When you have both a checking and a savings account, you can easily auto-save money so it goes from your checking to savings account. On the flip-side, if the unexpected happens and you need access to your money in a pinch, you can easily transfer money from your savings to your checking account. 

Unlike investment accounts, the FDIC insures money in each checking, savings, money market and certificate of deposit account up to $250,000 per depositor, per bank. 

What should you look for when you’re shopping for a checking and savings account?

When determining the best accounts for you, here are a few key things you should carefully consider:

1. Fees

Banks make their money in a number of ways. And one of them is through charging fees. 

Common fees for checking accounts include the following:

  • ATM fees

If you’re taking money out of an ATM outside your bank’s network, you’ll typically be charged a fee of anywhere from $2 to $4. Note that sometimes a bank might charge an ATM fee that’s in-network. It just depends on the bank.

  • Overdraft fees

If you don’t have enough money in your account for a transaction, you might be dinged with an overdraft fee. Overdraft fees typically are $35 per transaction. Whereas there might be a cap on how many overdraft fees you can incur in a given day, this cap can be anywhere from four to six a day. 

  • Monthly fees

If you don’t maintain the minimum amount in your account, you might be charged a monthly fee. Some banks waive the monthly checking fee if you set up direct deposit. 

  • Foreign transaction fees

If you’re traveling out of the country and use your debit card, you might be charged a fee for each transaction. It’s typically 3% of each transaction.

  • Card replacement fee

If you lose your debit card, the bank might charge a fee to send you a new one. This could range anywhere from five dollar to $25 a card. 


Common fees for savings accounts include:

  • Monthly maintenance fees

Sometimes you can avoid checking account fees by maintaining a minimum balance or setting up automatic transfers, making a minimum number of transactions in a given month, or having multiple accounts with the same bank.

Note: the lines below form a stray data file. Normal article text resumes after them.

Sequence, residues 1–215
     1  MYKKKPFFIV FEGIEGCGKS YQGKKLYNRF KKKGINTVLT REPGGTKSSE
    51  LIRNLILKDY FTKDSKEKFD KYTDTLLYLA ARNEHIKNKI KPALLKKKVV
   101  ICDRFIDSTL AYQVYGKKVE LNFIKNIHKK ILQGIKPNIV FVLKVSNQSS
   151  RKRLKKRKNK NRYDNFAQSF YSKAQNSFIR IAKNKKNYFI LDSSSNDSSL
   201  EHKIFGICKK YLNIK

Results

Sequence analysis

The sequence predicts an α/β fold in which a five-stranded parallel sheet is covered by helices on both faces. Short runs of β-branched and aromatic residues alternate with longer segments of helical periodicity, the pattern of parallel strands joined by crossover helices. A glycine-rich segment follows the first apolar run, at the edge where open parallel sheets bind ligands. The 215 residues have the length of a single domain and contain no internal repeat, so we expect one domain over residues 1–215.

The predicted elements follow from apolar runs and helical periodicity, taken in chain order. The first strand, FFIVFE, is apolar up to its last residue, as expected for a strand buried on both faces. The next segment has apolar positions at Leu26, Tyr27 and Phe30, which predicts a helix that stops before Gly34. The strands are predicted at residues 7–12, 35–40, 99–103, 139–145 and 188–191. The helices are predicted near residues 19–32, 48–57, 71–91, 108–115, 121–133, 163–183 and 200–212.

• Overdraft fees

You might be able to avoid an overdraft fee if you have overdraft protection. However, this oftentimes comes with a fee. And even if you have overdraft protection, you might be charged a fee, but just a lower one.

To avoid being dinged with fees, look carefully at the minimum requirements to avoid monthly fees, or look for a bank that doesn’t charge any fees whatsoever. 

  • Minimum balances

Depending on your bank, there might be a minimum balance to open an account. If you don’t maintain this minimum balance, you might incur a fee. 

2. Convenience

Now that we’ve covered all the fees you might have, it’s time to take convenience into account when choosing a bank.

For starters, check the bank’s network of ATMs and see where you can withdraw money from a fee-free ATM. Also, do some poking around to see how their customer service fares. Is it easy to get a hold of someone? Are they helpful once you get someone on the line or via chat?

If you’d prefer a brick and mortar bank, check on the hours and make sure the bank is open at convenient times. And regardless of whether you bank at a local branch or an online bank, make sure they have an intuitive and easy-to-use app. This way you can do all your banking – from requesting checks to paying bills to splitting a bill with friends – from the palm of your hand.  

How to open a checking or savings account

Whether you’re opening an account online or with a brick-and-mortar bank, you’ll need to supply personal information such as your name, address, and date of birth. You’ll also need to provide an ID number, like your Social Security Number. 

If you have questions about the bank’s services or opening an account, reach out to the bank to talk to someone in customer service. 

And here’s a final pro tip: Want to avoid unnecessary fees? Chime is on a mission to change banking, with no hidden fees.  

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Jackie Lam is an L.A.-based financial writer whose clients include Fortune 500 companies and FinTech startups. Her work has appeared in Forbes, Business Insider, and GOOD.